Types of Construction

Pre-Engineered Steel

In structural engineering, a pre-engineered metal building (PEMB) is designed by a PEMB manufacturer, to be fabricated using best suited inventory of raw materials available from all sources and manufacturing methods that can efficiently satisfy a wide range of structural and aesthetic design requirements. In order to accurately design a pre-engineered building, engineers consider the clear span between bearing points, bay spacing, roof slope, live loads, dead loads, collateral loads, wind uplift, deflection criteria, internal crane system and maximum practical size and weight of fabricated members.

While pre-engineered buildings can be adapted to suit a wide variety of structural applications, the greatest economy will be realized when utilizing standard details. An efficiently designed pre-engineered building can be lighter than the conventional steel buildings by up to 30%. Lighter weight equates to less steel and a potential price savings in structural framework.

Conventional Steel Framing

In conventional steel buildings mill-produced hot rolled sections (beams and columns) are used. The size of each member is selected on the basis of the maximum internal stress in the members. Each conventional structure is designed from scratch by a structural engineer and fabricated mostly on site.

Cold Formed Metal Framing

Steel Framing, also, known as Cold Formed Steel Framing (CFS) is sheet steel that is roll formed into framing products such as C shapes & U shapes.Roll Forming is the automated process of shaping. Steel Framing is an engineered product that is offered in a large variety of sizes and gauges. It is an excellent alternative building product to wood, masonry and hot rolled steel construction.

Some of the main properties of cold formed steel are as follows:

  • Lightness in weight
  • High strength and stiffness
  • Ease of prefabrication and mass production
  • Fast and easy erection and installation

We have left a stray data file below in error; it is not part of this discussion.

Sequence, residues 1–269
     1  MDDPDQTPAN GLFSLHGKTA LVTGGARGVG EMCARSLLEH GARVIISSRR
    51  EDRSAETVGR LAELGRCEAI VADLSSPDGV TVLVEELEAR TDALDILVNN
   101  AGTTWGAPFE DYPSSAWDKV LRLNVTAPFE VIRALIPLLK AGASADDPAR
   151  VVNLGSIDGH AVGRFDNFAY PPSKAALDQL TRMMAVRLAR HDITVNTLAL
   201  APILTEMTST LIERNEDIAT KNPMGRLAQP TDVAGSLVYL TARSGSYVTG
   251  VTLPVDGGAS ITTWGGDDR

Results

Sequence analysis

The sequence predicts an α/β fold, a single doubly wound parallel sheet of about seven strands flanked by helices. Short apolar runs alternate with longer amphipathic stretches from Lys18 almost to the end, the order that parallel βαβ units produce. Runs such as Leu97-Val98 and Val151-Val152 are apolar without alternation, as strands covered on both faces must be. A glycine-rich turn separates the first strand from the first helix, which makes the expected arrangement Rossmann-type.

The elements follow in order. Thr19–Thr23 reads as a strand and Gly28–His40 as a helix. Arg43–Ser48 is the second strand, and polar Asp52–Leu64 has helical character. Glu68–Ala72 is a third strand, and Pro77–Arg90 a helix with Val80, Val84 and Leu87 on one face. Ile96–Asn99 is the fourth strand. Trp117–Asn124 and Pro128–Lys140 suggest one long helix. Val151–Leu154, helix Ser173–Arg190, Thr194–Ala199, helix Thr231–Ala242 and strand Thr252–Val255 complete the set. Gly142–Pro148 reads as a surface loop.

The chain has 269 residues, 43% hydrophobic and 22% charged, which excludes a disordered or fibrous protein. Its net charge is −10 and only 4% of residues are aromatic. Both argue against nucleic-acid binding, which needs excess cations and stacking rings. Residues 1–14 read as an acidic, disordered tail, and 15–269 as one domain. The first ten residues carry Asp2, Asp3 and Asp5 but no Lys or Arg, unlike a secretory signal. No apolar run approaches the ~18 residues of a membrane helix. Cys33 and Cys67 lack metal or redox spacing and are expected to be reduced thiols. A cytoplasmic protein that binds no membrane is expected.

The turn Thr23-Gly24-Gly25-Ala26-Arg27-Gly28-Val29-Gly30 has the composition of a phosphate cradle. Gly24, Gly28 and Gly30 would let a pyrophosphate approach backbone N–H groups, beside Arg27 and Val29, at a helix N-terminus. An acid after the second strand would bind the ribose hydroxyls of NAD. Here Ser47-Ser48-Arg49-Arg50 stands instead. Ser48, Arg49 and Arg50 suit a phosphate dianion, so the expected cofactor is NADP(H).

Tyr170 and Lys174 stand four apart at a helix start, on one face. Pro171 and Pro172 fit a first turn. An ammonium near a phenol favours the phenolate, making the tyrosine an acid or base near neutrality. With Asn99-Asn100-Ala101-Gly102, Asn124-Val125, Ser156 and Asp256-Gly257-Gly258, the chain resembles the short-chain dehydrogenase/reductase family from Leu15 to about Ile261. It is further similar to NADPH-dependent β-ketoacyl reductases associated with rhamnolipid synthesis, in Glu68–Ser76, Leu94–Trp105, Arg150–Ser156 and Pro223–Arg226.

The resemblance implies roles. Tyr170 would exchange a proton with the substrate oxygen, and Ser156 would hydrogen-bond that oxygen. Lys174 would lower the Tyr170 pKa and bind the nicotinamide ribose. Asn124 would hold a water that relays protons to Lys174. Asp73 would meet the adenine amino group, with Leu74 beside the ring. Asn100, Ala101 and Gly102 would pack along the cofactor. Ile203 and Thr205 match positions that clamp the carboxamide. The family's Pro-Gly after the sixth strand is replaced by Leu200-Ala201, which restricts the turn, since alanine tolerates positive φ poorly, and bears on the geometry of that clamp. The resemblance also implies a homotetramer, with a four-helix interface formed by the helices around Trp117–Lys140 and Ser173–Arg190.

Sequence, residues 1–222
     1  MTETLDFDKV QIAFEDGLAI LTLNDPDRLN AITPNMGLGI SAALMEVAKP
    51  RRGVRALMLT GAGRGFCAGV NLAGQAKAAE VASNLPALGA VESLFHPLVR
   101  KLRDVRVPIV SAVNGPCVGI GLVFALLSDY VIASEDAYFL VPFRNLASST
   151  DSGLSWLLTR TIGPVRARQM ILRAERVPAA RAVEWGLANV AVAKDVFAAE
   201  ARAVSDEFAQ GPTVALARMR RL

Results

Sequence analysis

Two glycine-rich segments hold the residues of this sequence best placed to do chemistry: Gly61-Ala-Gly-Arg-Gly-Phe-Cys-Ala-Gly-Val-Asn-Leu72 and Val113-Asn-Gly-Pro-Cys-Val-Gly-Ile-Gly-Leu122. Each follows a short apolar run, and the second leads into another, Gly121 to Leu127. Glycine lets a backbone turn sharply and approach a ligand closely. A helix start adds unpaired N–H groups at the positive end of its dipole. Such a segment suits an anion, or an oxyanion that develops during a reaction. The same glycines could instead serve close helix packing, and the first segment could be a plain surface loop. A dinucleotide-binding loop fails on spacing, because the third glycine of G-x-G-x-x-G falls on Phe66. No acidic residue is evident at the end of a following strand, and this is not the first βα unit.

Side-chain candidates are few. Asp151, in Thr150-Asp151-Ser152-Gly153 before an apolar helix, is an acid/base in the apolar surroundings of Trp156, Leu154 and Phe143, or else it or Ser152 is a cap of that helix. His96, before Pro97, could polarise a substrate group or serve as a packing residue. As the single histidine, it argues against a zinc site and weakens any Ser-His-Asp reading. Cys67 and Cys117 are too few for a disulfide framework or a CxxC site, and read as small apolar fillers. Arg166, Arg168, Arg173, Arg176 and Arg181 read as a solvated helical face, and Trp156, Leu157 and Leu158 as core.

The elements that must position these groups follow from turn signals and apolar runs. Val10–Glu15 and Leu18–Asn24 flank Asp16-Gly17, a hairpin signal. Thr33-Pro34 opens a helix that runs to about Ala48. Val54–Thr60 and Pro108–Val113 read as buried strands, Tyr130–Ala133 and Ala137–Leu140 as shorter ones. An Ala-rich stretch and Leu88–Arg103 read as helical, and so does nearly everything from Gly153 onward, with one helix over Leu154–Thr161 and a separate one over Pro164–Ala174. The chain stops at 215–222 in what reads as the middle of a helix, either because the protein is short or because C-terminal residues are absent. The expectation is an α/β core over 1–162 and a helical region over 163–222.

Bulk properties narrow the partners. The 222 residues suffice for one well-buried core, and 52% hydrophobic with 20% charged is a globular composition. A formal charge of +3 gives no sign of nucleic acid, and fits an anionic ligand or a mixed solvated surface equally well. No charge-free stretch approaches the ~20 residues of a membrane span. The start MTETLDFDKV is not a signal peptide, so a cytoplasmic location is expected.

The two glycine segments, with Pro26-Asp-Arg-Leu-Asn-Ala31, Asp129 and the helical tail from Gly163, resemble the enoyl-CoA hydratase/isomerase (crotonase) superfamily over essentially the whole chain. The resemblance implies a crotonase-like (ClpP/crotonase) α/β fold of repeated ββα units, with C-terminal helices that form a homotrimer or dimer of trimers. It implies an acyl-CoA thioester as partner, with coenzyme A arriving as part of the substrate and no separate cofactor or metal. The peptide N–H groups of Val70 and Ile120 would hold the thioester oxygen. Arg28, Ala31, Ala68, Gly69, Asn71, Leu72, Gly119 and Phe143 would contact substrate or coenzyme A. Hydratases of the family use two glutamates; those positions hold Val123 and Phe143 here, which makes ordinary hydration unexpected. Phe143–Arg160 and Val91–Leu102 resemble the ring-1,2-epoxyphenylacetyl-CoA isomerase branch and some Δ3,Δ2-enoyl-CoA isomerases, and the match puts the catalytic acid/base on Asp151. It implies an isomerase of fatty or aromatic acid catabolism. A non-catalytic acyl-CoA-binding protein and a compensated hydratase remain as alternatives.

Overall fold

• Substantial elimination of delays due to weather
  • More accurate detailing
  • Non shrinking and non creeping at ambient temperatures
  • Termite-proof and rot proof
  • Uniform quality
  • Economy in transportation and handling
  • Non combustibility
  • Recyclable material
  • Panels and decks can provide enclosed cells for conduits.
Wood Frame

Wood frame construction is the predominant method of building homes and apartments in the United States. Increasingly, wood framing is also being used in commercial and industrial buildings. Wood frame buildings are economical to build, heat and cool, and provide maximum comfort to occupants. Wood construction is readily adaptable to traditional, contemporary and the most futuristic building styles.


Brick and block are two building materials that have been used for many years in masonry construction.  Modern masonry construction has an outer layer of brick; an inner layer of block and the cavity in between is filled with insulation. The build rests upon a concrete foundation. Some variations to this type of construction are to use cut stone or metal cladding rather than bricks for the outer walls. 

Tilt-Up Concrete

Tilt-Up construction, a method in which concrete wall panels are cast on-site and tilted into place. Tilt-Up construction is one of the fastest growing industries in the United States, combining the advantages of reasonable cost with low maintenance, durability, speed of construction. Tilt-Up concrete construction is not new; it has been in use for well over a century. Since the mid-1940's it has developed into the preferred method of construction for many types of buildings and structures. Nationwide, over 15% of all industrial buildings are Tilt-Up, ranging in size from 5,000 to over 1.5 million square feet.